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 Since Hyundai Motor decided to go from regular steel to SSAB’s Hardox steel when producing the concrete mixers for their special trucks, the demand has surged. For Hyundai’s customers the long-term costs are reduced as the concrete mixer’s service life is doubled – at least.

 

“Since we started to use drums made of Hardox, the sales have increased drastically,” said Byung-cheol Kang, Sales Manager at Hyundai Motor, South Korea.

Two years ago, Hyundai Motor in South Korea decided to go from regular steel to SSAB’s Hardox abrasion-resistant steel when producing the concrete mixers for their special commercial vehicles. The results include mixer drums, hoppers, and chutes that are much more resistant to abrasion and corrosion than the earlier versions.

“The reason for choosing Hardox is its durability. Compared to other mixer trucks, these last a great deal longer. They have a very long lifespan, so the customer demand is high for mixers made out of Hardox steel,” said Byung-cheol Kang.

Used mainly in the construction industry, the mixer trucks are running in harsh conditions where they constantly transport concrete from one place to another, mixing the concrete as they move along. With the continuous wear and tear the mixers made out of regular steel have to be replaced after a few years, which means a huge amount of extra costs for the customers. With Hardox steel the mixers at least double the service life.

For commercial vehicles it is crucial that they last as long as possible whilst also being efficient and productive. For Hyundai that means not only do they use the best quality material, but they of course also put a major effort into the design. Joo-suk Shim is an engineer designer at the special designs team for commercial vehicles at Hyundai Motor. He is grateful for the collaboration with SSAB when using Hardox steel for the mixers. He met some challenges when Hyundai started to use Hardox steel.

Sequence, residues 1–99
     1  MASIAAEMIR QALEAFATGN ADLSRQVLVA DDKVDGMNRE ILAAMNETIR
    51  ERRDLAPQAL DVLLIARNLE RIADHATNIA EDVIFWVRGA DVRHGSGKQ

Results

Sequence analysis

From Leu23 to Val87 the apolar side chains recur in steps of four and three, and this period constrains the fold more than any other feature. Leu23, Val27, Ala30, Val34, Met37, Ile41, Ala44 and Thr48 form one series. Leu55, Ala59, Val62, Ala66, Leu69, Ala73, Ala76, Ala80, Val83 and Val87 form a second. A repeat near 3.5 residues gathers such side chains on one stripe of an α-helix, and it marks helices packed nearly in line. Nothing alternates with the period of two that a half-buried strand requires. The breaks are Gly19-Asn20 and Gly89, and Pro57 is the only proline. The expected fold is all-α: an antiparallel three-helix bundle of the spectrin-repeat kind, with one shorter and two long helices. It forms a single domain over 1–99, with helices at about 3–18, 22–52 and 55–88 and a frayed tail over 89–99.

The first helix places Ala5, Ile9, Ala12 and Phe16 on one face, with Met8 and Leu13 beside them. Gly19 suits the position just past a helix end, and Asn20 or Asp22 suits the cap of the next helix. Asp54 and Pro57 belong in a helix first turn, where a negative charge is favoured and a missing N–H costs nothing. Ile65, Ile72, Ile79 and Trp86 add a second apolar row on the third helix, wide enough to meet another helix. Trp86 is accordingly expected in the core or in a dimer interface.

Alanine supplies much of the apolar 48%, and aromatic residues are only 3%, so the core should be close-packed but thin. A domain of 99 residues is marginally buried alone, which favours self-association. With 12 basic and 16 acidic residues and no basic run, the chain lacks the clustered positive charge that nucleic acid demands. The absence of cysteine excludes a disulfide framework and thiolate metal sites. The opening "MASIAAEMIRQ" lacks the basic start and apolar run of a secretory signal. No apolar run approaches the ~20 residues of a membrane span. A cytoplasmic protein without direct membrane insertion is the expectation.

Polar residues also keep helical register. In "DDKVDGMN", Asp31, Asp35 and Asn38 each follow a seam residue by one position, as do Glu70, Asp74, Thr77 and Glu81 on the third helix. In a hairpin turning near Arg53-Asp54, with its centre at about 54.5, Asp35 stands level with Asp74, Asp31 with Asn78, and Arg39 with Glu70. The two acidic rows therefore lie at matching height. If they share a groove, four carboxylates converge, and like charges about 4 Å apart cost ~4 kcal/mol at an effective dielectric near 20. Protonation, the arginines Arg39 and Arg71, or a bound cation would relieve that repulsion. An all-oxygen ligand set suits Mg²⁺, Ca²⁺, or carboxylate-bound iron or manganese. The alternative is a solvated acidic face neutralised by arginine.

“Hardox steel was harder to work with, because it is so strong and there is less deformation than in conventional steel. SSAB was extremely helpful to us. Firstly, when reviewing the blade design on the drum made of Hardox. Then, when analyzing the discharge rate and mixing effect of the concrete. We received valuable data which we have been able to include in the design,” he said.

The hardest thing was shaping Hardox steel to fit the blade molds. SSAB was operational in getting this to work. Also, welding steel plates in straight lines did not work, so Hyundai made the drum in a slightly different way, using a spiral design. The switch to Hardox steel came mainly from customer demand. The market knew what it wanted and asked for it.

“What differentiate us is that we always pay attention to our customers' opinions and focus on meeting their needs. We include their demands in our design,” said Joo-suk Shim.

Hyundai was determined to listen to the customers and introduced Hardox steel as a competitive feature. Even though there was a cost increase for the high-quality steel from SSAB, the demand went up right away. 

“The service life is more than doubled from the earlier design. We offer a lot better quality than our competitors, and we now have a market share of 80 percent compared to previously 50 percent,” said Byung-cheol Kang.

The Hardox In My Body sign on the mixers is something that makes them even more sought after. The traceability of the signs with unique ID number is also a guarantee that a product is made out of genuine Hardox steel.

“You can't tell from simply looking if a mixer is made out of a regular steel plate or if it is actually Hardox. However, when customers see the Hardox In My Body sign they trust that they get quality design because they know the brand,” he said. Hyundai2.jpg 


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